Stimulant drugs to promote the awake state and cognitive performance: Do they really work?

Paul Carrillo-Mora, Division of Neuroscience, Instituto Nacional de Rehabilitación “Luis Guillermo Ibarra Ibarra”. Mexico City, Mexico Yesenia Lugo Rodríguez, School of Psychology, Universidad Nacional Autónoma de México (UNAM), Mexico City, Mexico Kenia F. Franyutti-Prado, Internal Medicine Departament, Hospital General Dr. Fernando Quiroz Gutiérrez, ISSSTE, Mexico City, Mexico Marlene Rodríguez-Barragán, Division of Neurological Rehabilitation, Instituto Nacional de Rehabilitación “Luis Guillermo Ibarra Ibarra”, Mexico City, Mexico Nelly G. Cervera-Delgadillo, Social Service on Research, School of Medicine, UNAM, Mexico City, Mexico

It is increasingly common for healthy people to seek means to improve their alertness, or to try to get better their performance in some cognitive functions; this with the aim of increasing their performance and productivity in the academic or work environment. Several stimulant drugs have been used for many decades and have recently become very popular especially among young people. However, general practitioners and even specialists are rarely informed of their real benefits or potential adverse effects. This review provides an updated overview of the effects (positive and adverse) of some stimulant drugs that have been used to maintain alertness or improve cognitive performance in healthy subjects. For stimulant drugs, the positive effects improving the subjective symptoms of sleep deprivation are well established. However, the cognitive effects of stimulant drugs are still highly variable and inconsistent, since there are few studies that have been carried out with adequate methodological design. In addition, there are several adverse effects, from mild to severe that can be observed and there is a concern of potential addiction effect to some of them. Some stimulant drugs can improve alertness, but their positive effects improving cognition are not yet fully proven.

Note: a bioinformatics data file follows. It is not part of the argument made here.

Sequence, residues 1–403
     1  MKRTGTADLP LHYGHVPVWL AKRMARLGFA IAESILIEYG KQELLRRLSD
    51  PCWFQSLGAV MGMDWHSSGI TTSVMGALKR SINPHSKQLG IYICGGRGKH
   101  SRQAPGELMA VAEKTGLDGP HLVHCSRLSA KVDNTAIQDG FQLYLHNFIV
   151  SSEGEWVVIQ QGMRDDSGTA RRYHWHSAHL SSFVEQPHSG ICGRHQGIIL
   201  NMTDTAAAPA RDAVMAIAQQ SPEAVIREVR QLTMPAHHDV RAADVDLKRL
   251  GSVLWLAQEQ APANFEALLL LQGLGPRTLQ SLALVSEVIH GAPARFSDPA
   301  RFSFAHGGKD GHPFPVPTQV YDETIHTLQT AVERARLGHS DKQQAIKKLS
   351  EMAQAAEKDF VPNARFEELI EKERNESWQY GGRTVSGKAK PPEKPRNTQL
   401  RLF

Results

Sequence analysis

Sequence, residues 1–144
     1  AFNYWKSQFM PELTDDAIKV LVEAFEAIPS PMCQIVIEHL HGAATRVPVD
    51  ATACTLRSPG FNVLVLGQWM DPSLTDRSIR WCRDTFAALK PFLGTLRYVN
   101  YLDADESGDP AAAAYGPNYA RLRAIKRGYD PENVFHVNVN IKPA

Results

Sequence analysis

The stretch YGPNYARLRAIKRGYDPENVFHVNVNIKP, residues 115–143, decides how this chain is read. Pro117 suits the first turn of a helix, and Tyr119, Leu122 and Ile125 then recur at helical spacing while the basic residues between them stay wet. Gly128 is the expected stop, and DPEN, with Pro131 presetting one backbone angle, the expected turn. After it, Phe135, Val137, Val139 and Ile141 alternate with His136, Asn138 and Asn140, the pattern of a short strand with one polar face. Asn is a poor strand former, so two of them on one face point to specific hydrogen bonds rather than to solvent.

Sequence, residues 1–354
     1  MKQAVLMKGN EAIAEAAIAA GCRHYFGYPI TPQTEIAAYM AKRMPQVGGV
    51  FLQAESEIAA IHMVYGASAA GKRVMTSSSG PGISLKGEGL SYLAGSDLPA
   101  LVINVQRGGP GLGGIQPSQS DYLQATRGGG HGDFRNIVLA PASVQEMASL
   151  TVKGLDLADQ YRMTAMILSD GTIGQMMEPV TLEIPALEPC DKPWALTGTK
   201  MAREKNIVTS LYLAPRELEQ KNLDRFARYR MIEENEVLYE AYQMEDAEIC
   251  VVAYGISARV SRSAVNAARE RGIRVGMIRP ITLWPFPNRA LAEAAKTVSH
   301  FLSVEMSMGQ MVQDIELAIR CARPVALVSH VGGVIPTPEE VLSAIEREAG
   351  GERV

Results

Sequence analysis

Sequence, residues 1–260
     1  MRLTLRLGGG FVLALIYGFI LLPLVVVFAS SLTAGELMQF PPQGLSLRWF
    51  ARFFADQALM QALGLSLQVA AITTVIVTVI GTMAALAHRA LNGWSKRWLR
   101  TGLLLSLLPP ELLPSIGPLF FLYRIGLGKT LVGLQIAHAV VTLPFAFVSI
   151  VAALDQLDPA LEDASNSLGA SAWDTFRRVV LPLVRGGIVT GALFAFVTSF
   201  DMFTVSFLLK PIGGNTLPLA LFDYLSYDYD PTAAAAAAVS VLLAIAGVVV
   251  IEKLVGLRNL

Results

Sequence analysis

Keywords: Stimulant drugs. Alertness. Cognition. Sleepiness. Addiction.